There will be an end to this – that’s for sure. It may be a month from now or six months from now– but at some point in the future, we’ll all emerge from our hibernation, back into the office. We’re all adapting to new ways of working– and hopefully we’ve all become faster runners, advanced amateur chefs and masters of Zoom by the time we’re back into the office. But how will your team emerge from this? What should we be doing now to ensure company culture and the teams that drive it survive the current isolation stronger.
“Teamwork” is an incredibly overused word in corporate values, bad posters in break rooms and stuffy emails from the HR department. But how many of us have truly integrated the concept of effective team engagement into our normal ways of working? And as leaders, how do we pivot to protect that team engagement with our normal ways of working upside down?
At Tough Mudder, teamwork isn’t just a bullet point in a slide deck or a ranking in the annual performance review. It’s woven into the ethos of who we are, how we operate– and fundamental to the experience that our community brings to every event course around the world. We design our obstacle courses so that they can’t be done alone– you need the support of others, those you know and complete strangers, to overcome the challenges in front of you. Some of these on-course lessons are good reminders for our new, temporary quarantine work life.
Trust is more important now that ever– and harder to build while we’re all remote. Leaders are going to have to make hard decisions during this crisis– and its important that your team understand the values and priorities you’re using to make those decisions. When we first sent our team fully remote in early March– one of the first all-company messages we shared was a reaffirmation of our values and a clear outline of the priorities we’d use to make decisions: take care of the team, deliver for our customers, and protect our financial sustainability. Every decision we’ve made since then– we’ve tied that back to our priorities, and the team is clear on the actions we’re taking to transform and protect our business during the pandemic.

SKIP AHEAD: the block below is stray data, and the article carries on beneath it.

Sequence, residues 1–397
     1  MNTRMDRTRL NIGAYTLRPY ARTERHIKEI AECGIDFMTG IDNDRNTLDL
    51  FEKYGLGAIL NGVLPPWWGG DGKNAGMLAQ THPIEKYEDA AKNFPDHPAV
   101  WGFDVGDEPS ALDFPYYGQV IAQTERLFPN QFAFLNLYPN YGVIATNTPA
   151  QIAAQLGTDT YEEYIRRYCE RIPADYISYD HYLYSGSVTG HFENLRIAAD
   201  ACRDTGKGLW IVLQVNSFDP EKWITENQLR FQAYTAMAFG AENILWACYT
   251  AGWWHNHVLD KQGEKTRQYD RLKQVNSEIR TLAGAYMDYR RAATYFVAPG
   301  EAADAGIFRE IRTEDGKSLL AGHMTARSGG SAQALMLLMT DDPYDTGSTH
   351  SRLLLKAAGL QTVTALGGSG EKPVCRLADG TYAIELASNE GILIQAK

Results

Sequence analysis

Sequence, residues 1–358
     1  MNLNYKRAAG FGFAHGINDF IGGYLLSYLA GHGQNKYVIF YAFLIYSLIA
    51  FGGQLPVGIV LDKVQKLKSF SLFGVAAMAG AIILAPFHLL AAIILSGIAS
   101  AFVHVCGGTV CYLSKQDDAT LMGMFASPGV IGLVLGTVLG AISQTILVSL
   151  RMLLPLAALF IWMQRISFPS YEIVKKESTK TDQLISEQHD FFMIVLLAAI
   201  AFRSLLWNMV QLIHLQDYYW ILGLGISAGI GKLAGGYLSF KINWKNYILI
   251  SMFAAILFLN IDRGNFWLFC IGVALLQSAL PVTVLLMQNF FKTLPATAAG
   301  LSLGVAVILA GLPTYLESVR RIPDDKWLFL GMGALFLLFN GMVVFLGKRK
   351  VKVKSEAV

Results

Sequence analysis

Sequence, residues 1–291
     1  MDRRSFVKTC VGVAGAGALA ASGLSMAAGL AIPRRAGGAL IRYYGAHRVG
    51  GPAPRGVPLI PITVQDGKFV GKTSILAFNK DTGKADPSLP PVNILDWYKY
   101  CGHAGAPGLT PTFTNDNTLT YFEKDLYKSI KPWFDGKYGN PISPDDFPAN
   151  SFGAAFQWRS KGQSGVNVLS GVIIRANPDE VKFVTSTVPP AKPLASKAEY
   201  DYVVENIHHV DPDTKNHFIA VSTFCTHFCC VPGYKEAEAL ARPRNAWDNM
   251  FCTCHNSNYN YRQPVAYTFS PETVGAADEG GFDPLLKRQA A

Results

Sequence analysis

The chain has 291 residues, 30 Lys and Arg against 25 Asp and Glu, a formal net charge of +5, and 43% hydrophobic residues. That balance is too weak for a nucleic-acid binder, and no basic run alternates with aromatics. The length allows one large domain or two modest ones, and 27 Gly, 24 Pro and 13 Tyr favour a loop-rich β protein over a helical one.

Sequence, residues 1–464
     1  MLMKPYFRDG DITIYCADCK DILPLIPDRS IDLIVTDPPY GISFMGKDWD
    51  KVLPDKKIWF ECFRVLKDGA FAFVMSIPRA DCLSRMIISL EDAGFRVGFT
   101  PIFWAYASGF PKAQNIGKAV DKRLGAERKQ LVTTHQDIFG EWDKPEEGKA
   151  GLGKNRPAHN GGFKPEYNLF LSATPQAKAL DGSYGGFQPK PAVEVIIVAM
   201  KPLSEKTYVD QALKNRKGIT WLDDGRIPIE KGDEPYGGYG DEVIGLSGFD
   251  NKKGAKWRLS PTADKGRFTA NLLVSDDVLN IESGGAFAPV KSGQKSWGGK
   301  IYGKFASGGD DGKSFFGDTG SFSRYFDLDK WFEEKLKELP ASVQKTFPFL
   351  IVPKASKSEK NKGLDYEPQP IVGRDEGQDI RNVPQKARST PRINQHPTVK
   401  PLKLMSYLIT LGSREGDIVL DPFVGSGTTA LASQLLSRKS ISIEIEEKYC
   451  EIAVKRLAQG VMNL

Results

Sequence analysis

“Tough” is in the name of our business, and the logo on every shirt we hand out– but Tough doesn’t mean that you shouldn’t be compassionate. Employees with kids at home, those that live with housemates or take care of older parents, and team members who previously relied heavily on team interaction are all trying to cope with their new circumstances. Be flexible, be caring, be present for them– and realise that flexibility now will end up resulting in better productivity in the long run.
We’re radically transparent with our team– sometimes maybe a bit too much. Our full team, from junior associate to senior management has a full understanding of our sales performance, cash flow, customer satisfaction and other key indicators. Economic factors are changing rapidly in many industries– and you need your team fully bought in to responding with agility. Over communication and oversharing may feel uncomfortable for you in the short term– but will go a long way in building a stronger team.
4. Trying New Things
As our businesses change rapidly from the impacts of COVID, we must quickly change the way we resource them. As event postponements came quickly and moved our whole calendar back by three months, we quickly pulled course designers and operations managers to support content creation, community outreach and partnership development. Have they done it before? No– but they’re passionate about our brand, keen to get stuck in, and will be better, well-rounded team members with a greater appreciation for the work their colleagues do when they return back to their normal roles.
Plenty of armchair philosophers are hypothesizing on what the working world will look like post-COVID, and the reality at this point: no one knows for sure. What we do know is that our people will continue to be the greatest asset to any business, and our focus on cultivating tough, resilient, effective teams is more important now than ever.